Lesle Lewis

Four Poems

Mania Breaks  

My body in bed in the L shape is bad.
Bodilessness expands.
Through the dress­ing room win­dow a pink and blue light up.
I know what I’m doing.
The upper floors of my box are finished.
Fragment plus frag­ment equals frag­men­ta­tion and we can work hard­er with what we have left of what we have lost or what we have left of what we nev­er had.
Raise the lev­el of the fish pond, make a bread head, smile, whatever.
A white woman in a white snow rides a bus.
We’re get­ting clos­er to the thing now that breaks the busy­ness around it: mod­ern libraries and high­ways, then post­mod­ern, then remod­ern, then done.
Out the win­dow is a table.
Gladness is hard to trust like a tall dead tree and its tall dead reflec­tion which does not strike deep into the water as it seems to.
I don’t believe it.
Where a pri­vate wood­land pool runs out over grass and leaves no one cares.

Rainy Days on the Farm  

Day One
The sci­ence, the absence, the trav­els, the walls: we have to feed these things, all ani­mals insuf­fi­cient unto themselves.

Day Two
I called on you to be in your house in your head, to be in your apart­ment heart.
You promised me a let­ter, but then you died.
I am sor­ry that you died.

Day Three
Can I lift bricks all day, scrub pots, car­ry coal, nurse the sick?
To get up is to let the day have me.
To embrace irony is to see more or less clearly.

Day Four
We think it all rush­es and blurs by, but we are the ones going, and we are the ones with a problem.

Day Five
What every­one says about poet­ry is that its light is gold­en, its leaves yel­low, and the sound of it a but­ter­fly run­ning to town for milk.

Work on Paper  

Red Sea Scarf
Be sharp man and soar. Brain head globes for noth­ing. The cut lan­guage yanks the red sea scarf and shoot it. We don’t clean up the mess because we want to see it be it free it.

Woman it’s time the wait­ing and ready time. And we’ll slip and fall. Be a wor­ry sand­wich on dream bread. Baby Mary Emma dies. Cold is good. It drips down and eats you just to put where you are down. A train trip through the for­est of moods left behind.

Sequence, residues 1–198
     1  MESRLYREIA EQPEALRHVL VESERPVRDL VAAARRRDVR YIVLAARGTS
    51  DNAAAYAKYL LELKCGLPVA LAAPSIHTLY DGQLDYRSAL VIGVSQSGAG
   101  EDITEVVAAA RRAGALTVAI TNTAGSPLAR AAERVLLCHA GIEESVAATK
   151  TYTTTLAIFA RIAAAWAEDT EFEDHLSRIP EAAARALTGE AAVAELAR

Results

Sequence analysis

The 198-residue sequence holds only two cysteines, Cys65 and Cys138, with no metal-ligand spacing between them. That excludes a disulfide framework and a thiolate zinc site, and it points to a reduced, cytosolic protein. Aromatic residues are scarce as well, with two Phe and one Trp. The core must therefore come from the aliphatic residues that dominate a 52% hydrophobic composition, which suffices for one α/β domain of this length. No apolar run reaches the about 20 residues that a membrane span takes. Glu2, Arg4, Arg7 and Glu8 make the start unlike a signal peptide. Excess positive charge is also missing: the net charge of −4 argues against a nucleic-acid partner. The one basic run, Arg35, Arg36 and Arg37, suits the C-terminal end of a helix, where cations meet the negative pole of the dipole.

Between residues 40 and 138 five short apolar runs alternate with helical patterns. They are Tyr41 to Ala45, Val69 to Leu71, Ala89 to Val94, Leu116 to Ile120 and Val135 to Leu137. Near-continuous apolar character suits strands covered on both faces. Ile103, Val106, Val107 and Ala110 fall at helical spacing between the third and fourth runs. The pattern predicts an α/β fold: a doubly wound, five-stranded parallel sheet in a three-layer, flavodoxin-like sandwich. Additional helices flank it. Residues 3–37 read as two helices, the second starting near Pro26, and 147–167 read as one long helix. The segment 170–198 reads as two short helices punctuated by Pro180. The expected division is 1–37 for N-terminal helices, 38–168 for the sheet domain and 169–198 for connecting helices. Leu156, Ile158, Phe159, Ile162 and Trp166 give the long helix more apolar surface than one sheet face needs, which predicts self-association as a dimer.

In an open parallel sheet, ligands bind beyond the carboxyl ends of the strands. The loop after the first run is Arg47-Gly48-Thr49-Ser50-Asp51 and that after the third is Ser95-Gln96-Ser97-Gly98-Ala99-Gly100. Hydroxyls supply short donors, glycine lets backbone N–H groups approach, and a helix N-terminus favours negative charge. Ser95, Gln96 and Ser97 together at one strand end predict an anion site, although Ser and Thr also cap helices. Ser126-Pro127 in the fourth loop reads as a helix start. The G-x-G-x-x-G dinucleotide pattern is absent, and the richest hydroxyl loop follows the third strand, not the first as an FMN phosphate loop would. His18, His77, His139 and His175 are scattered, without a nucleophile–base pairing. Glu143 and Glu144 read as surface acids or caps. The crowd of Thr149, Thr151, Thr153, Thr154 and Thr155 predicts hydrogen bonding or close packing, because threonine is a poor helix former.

Red 2
All of you givens and the light’s out a crime a dime a lemon burg­er. Everyone in the fam­i­ly hotel inter­play it works in clay ground fan­tas­tic elas­tic sur­round more ground sound. In an open state of oscil­la­tion we play mul­ti­ple parts, dive into the fast cur­rent with day­light jump­ing all over it in first crazy time.
We know you had com­pa­ny. It was a dri­ve by on the byway what­ev­er I say.

Yellow 2
We touch a flash of a life of love. 83. First person’s dis­cov­ered. Silent reading’s dis­cov­ered. Up to 1,000. Avenue what you call. We build up to this. Just this? Flat town the dead.

Broken Open Flood. Temple Attendance. Done. Sitting on the Fence. A Bird. Drinking Your Way Down.

Emergency Horse  

drab­ness rac­er ele­phant light iron Dutch show fol­ly stu­dio coast dance bis­cuit cook­ing north­bound morn­ing sad­dle leap saucer help atri­um check­er booth plum lightweight
opera day­break Dakar can­cer plain ges­ta­tion insect whis­tle cheese police youth infes­ta­tion com­mu­ni­ca­tion triple cre­ma­tion stomp token peanut figure
escape wit­ness tri­an­gu­lar ban­dana crankcase under­neath bond­ing crepes stars fig­urine attempt poul­try forgery freak tank study
eye­ball gup­py suit stem inven­tion coral instant pile sib­ling grav­i­ty the­atre Paris cut snore banquet
luck awake pur­ga­to­ry pur­chase book injury sea­coast ter­rain aunt even­tu­al­ly climb philanthropy
surgery freeze bag col­lapse wind­fall insur­gence fire antic­i­pate girl inevitable square eclipse warn­ing double
cau­tion side­walk vest nurse tow­el wag­on tun­dra blood pace dev­il plus base­ball pulse Olympic remain­der mous­tache prac­tice meet­ing injec­tion pattern
ath­let­ic win­some sandy wait­ing hall­way wet­land wingnut grief ani­mal gift
tele­phone hol­i­day historic


Lesle Lewis’ col­lec­tions include Small Boat (win­ner of the 2002 Iowa Poetry Prize), Landscapes I & II (Alice James Books, 2006), lie down too (Alice James Books, 2011), and  A Boot’s a Boot (Cleveland State University Poetry Center, 2014). Her chap­book, It’s Rothko in Winter or Belgium was pub­lished by Factory Hollow Press in 2012. She has had poems appear in American Letters and Commentary, Northern New England Review, Hotel Amerika, Mississippi Review, The Cincinnati Review, Green Mountains Review, Barrow Street Mudfish, LIT, Pool, jubi­lat, not­nos­trums, and Sentence. She lives in New Hampshire and is a Professor of Creative Writing at Landmark College.